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Throughout the 2020-21 academic year, we will be adapting the way we teach and assess your modules in line with government guidance on social distancing and other protective measures in response to Coronavirus. Teaching will vary between online and on-campus delivery through the year, and you should read guidance from the academic department for details of how this will work for a particular module. You can find out more about the University’s overall response to Coronavirus at: https://warwick.ac.uk/coronavirus.

PX443-15 Planets, Exoplanets and Life

Department
Physics
Level
Undergraduate Level 4
Module leader
Farzana Meru
Credit value
15
Module duration
10 weeks
Assessment
100% exam
Study location
University of Warwick main campus, Coventry
Introductory description

The detection of planets orbiting stars other than the sun is technically challenging and it was not achieved until 1995. This module looks at how exoplanets are now being discovered in large numbers and how these discoveries are challenging existing theories of planet formation and evolution. Various methods of detection are considered, as well as methods used to determine physical properties such as temperature, density and composition. We explore likely physical explanations for the observed properties and identify questions that remain open in this active research field. Finally, we consider the prospects for detecting life on distant planets.

Module web page

Module aims

To explore the impact of recent advances in the field on our understanding of planet formation, structure and evolution. To illustrate how established theories can be challenged using careful experimentation.

Outline syllabus

This is an indicative module outline only to give an indication of the sort of topics that may be covered. Actual sessions held may differ.

Geometry and contents of the Solar System; the interior, atmospheric composition and structure of the Solar System planets

Models of planet formation developed to explain the observed properties of the Solar System: accretion discs, dust coagulation, planetesimal formation, gas accretion, orbital evolution, disc evaporation

Challenges and opportunities presented by exoplanetary systems; Debris discs and protoplanetary discs

Observational techniques relevant to exoplanets: precision radial velocities, transits, microlensing, direct imaging, polarimetry, astrometry, Rossiter-McLaughlin effect, transmission spectroscopy

Physical properties of exoplanets: mass, radius, temperature, albedo, composition, irradiation, evaporation, meteorology, orbital orientation, dynamical stability

Challenges to planet formation theory: migration, evaporation, system geometry, free-floating planets. Future observational techniques: extreme adaptive optics, nulling interferometry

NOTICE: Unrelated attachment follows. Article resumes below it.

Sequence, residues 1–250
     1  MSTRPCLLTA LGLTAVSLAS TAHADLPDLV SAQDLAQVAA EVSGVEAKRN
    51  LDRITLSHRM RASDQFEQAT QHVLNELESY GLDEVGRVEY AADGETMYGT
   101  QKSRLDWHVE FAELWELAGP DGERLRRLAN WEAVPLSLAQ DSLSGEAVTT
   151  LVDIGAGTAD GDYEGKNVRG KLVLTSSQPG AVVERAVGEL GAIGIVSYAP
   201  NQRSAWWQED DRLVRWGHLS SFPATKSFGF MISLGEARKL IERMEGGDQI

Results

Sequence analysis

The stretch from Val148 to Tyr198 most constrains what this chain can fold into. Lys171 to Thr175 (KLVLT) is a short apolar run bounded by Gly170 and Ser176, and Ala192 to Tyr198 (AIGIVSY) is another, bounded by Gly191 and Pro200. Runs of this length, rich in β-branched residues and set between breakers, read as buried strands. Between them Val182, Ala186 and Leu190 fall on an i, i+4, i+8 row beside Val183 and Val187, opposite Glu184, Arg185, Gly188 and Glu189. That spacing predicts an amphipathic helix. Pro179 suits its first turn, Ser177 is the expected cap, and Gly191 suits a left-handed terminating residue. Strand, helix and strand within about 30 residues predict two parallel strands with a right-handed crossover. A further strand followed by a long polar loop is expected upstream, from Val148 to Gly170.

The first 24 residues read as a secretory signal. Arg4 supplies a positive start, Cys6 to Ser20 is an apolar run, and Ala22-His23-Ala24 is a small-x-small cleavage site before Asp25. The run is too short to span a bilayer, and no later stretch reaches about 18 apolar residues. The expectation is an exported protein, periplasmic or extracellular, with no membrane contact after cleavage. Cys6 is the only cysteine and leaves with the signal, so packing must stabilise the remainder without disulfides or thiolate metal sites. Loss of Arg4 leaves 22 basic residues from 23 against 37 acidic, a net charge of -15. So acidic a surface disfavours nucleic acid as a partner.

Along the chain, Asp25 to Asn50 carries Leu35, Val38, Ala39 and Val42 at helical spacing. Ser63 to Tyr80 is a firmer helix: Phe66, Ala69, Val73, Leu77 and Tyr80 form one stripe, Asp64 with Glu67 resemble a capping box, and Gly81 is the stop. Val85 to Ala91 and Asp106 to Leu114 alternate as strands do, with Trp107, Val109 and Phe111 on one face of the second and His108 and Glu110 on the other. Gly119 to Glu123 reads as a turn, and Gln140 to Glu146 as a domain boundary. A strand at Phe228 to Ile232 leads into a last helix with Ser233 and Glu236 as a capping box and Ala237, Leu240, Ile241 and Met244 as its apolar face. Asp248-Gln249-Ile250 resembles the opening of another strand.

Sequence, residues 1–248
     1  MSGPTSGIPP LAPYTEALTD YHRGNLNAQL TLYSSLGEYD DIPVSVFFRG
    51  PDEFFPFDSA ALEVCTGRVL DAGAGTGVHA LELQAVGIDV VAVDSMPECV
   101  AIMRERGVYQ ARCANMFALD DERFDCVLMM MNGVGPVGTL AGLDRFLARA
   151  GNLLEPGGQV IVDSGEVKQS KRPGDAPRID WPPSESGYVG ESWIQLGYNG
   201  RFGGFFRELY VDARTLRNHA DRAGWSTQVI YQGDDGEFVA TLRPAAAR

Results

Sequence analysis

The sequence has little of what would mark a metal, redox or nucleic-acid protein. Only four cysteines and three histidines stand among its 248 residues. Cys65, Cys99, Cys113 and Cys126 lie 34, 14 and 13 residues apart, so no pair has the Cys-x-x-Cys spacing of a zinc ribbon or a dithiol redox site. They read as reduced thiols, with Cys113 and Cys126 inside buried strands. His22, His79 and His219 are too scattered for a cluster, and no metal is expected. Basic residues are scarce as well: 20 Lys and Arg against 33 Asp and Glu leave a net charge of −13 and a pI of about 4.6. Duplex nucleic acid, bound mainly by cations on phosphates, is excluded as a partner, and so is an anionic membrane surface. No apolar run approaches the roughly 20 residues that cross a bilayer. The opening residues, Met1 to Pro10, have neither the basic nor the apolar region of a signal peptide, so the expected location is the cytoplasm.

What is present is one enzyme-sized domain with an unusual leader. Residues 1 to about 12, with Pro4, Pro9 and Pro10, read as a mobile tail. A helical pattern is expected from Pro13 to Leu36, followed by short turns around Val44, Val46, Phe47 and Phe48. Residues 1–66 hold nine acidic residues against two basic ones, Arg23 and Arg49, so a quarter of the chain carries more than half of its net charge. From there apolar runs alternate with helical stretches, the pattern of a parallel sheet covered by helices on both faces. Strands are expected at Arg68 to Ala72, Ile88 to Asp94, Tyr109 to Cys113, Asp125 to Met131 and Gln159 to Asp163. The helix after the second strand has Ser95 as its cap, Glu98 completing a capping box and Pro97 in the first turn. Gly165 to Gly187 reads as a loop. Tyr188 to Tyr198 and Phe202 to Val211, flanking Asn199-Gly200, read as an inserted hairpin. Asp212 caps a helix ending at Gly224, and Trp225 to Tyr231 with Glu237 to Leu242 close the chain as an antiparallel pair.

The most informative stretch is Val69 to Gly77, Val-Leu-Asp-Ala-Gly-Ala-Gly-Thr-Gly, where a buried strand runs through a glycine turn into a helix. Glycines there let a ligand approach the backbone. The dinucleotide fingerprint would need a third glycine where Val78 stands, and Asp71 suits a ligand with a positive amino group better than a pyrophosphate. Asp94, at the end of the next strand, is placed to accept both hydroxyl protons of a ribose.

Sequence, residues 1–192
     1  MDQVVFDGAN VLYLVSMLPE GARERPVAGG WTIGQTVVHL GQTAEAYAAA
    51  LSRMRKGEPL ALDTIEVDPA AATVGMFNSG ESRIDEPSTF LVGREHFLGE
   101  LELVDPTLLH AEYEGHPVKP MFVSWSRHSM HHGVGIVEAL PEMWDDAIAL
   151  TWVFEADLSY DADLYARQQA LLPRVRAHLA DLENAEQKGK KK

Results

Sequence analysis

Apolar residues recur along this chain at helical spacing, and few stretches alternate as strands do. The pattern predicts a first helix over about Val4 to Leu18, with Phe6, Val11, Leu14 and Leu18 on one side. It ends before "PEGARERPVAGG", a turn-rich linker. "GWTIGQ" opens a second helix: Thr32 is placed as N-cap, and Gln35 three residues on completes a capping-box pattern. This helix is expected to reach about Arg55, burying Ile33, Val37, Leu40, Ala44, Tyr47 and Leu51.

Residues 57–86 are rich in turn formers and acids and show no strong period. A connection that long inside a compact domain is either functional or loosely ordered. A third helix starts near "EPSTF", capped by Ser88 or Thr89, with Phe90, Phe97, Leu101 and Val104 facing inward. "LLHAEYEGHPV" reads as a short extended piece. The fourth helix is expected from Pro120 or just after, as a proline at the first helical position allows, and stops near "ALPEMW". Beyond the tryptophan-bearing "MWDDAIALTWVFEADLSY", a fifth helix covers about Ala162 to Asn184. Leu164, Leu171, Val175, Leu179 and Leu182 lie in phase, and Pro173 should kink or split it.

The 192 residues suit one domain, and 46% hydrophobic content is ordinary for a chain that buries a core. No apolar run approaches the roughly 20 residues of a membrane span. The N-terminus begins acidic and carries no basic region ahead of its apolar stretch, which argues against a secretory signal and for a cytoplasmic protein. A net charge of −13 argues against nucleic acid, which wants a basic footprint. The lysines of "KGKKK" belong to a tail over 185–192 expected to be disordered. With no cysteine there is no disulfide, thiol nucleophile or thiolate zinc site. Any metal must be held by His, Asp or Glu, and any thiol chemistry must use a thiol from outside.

Conditions for life: definition of life, extremophiles, energy sources, carbon chemistry, water, habitable zone, alternative habitats; detection of extra-terrestrial life: in-situ measurements, atmospheric spectroscopy, biomarkers, planned space missions, Drake equation, SETI.

Learning outcomes

By the end of the module, students should be able to:

  • Describe the interior, atmospheric composition and structure of the Solar System planets
  • Explain the experimental methods used to search for extra-solar system planets
  • Explain the models being developed to describe exoplanets and discuss the open questions in the field
  • Evaluate critically the prospects for the discovery of extra-terrestrial life
Indicative reading list

The module is based on the primary research literature and students are expected to read selected journal articles. In addition the following books are recommend for additional background:
R Dvorak (Ed.), Extrasolar Planets, Wiley-VCH;
I de Pater and JJ Lissauer, Planetary Sciences, CUP;
M Perryman, 2011, The Exoplanet Handbook, CUP;
Philip J. Armitage, Astrophysics of Planet Formation, CUP

View reading list on Talis Aspire

Subject specific skills

Knowledge of mathematics and physics. Skills in modelling, reasoning, thinking.

Transferable skills

Analytical, communication, problem-solving, self-study

Study time

Type Required
Lectures 30 sessions of 1 hour (20%)
Private study 120 hours (80%)
Total 150 hours
Private study description

Working through lecture notes, solving problems, wider reading, discussing with others taking the module, revising for exam, practising on past exam papers

Costs

No further costs have been identified for this module.

You must pass all assessment components to pass the module.

Assessment group B1
Weighting Study time
3 hour online examination (Summer) 100%

Answer 3 questions from 4


  • Answerbook Pink (12 page)
Feedback on assessment

Personal tutors, group feedback

Past exam papers for PX443

Courses

This module is Optional for:

  • Year 4 of UPXA-F304 Undergraduate Physics (BSc MPhys)
  • Year 4 of UPXA-F303 Undergraduate Physics (MPhys)

This module is Option list B for:

  • Year 4 of UPXA-FG33 Undergraduate Mathematics and Physics (BSc MMathPhys)
  • Year 4 of UPXA-FG31 Undergraduate Mathematics and Physics (MMathPhys)